Saradha Koirala Tear Water Tea (Steele Roberts, 2013)
Saradha Koirala’s second collection, Tear Water Tea, arrived in my post-box in style this week. It was wrapped in blue tissue, with a tracing-paper tag embossed with with a bee. Imagine if all poetry books were delivered to us like this. The book, itself, is beautiful to both hold and behold. Delicate black & white drawings of flowers scroll about the powder blue — and then you shift from skull to lego block to bee to teapot (or whatever route your eye might take). David Randall Peters, the artist, also did the faint, vein-like, pool-like drawings scattered inside.
Saradha’s new book flutters between the physical world (a land-locked bird, an escaping dog, a sheetless bed) and a more ephemeral world (blown kisses, things in the air, melting photographs, smoke, ink tears, vapour). What emerges in this poetic movement between what is observed physically, intuitively and at times unfathomably are the strong and lyrical threads of love, home, and place that glue the collection together. It is as though the poet is inviting us into her family album, a poetry diary of sorts, and each poetic entry is lovingly crafted.
While much of the collection adopts a quiet, almost conversational tone (back to Andrew Johnston’s notion that much of New Zealand poetry is talky), the collection as a whole offers the variations of a musical piece. Certain phrases ring deliciously in your ear (‘colourless in corners and stiff’ ‘I pull my temper’). Analogies surprise (‘and yet months pass like clouds’). In some poems, the words accumulate in lush patches of alliteration and assonance (‘Arat’). Then there is the way everything comes together in the one shimmering line (‘no need to read the residue/ of forests strewn like tea-leaves on the lawn’).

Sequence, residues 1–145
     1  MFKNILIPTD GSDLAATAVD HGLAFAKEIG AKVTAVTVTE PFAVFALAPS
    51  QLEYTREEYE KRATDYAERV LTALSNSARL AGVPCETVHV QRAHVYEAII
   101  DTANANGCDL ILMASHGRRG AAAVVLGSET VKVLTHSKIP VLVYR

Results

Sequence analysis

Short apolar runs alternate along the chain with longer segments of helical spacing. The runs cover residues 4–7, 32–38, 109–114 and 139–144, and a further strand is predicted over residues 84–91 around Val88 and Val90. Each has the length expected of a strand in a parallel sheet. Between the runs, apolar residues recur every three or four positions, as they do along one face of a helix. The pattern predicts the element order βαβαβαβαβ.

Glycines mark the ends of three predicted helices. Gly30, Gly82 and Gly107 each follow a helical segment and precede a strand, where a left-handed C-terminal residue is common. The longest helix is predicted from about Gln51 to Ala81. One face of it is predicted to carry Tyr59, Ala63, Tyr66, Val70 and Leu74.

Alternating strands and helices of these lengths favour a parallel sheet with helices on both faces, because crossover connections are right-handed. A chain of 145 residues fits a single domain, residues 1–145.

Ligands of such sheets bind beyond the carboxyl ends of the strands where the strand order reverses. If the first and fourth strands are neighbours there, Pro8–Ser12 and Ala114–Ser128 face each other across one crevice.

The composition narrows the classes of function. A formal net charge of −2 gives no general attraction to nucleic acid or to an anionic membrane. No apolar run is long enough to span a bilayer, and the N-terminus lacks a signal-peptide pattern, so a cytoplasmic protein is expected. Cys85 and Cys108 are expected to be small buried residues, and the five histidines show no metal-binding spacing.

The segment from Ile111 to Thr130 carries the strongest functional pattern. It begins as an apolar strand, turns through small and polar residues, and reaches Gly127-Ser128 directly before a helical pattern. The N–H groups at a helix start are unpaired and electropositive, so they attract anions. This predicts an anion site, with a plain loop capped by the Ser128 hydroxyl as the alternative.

The opening (and title) poem is a delight (‘Tear Water Tea’). It lays down three slender strands within its slender form, and you cannot help but swim through the gaps. Poetry so often comes alive out of juxtaposition. Here, storytelling is placed next to grief which is placed next to daily routine. There is accruing mystery about the boy and his imagined wolf, a story that gets repeated in order perhaps to dislodge grief. There is the rip that is also sorrow, that a cup of tea might wash away (there, there). There is the kettle put on — oh, the salty tears that masquerade for water — as you speak and as you listen. There is this strand collapsing into that strand, and so on and so forth. Poetry can take many forms and employ language in a thousand ways, but there is something immeasurably satisfying about small poems that are economical, graceful, mysterious (Bill Manhire is a whizz at this!). Thanks to the publisher and the poet I have reproduced the poem below.
Saradha’s second collection is a larger version of the small poem that introduces it: pleasurable, contoured, refined. A little gift, indeed.
Tear Water Tea
Over and over they told me the story:
a boy, an imagined wolf.
As if sorrow can be likened to mischief.
I hold the teapot in both hands
another satisfying, salty brew.
©Saradha Koirala Tear Water Tea (Steele Roberts, 2013)
Saradha resides in Wellington and has taught English in secondary schools since 2005. She is of Pakeha and Nepali descent, and holds a Masters in Creative Writing from the International Institute of Modern Letters at Victoria University. Her new book was recently launched at the fabulous Quilters Bookshop in Wellington. Her debut collection was entitled Wit of the Staircase. See below for further links.
Saradha Koirala website
Winged Ink Tuesday Poem
An interview with Tim Jones
New Zealand Poetry Society on Wit of the Staircase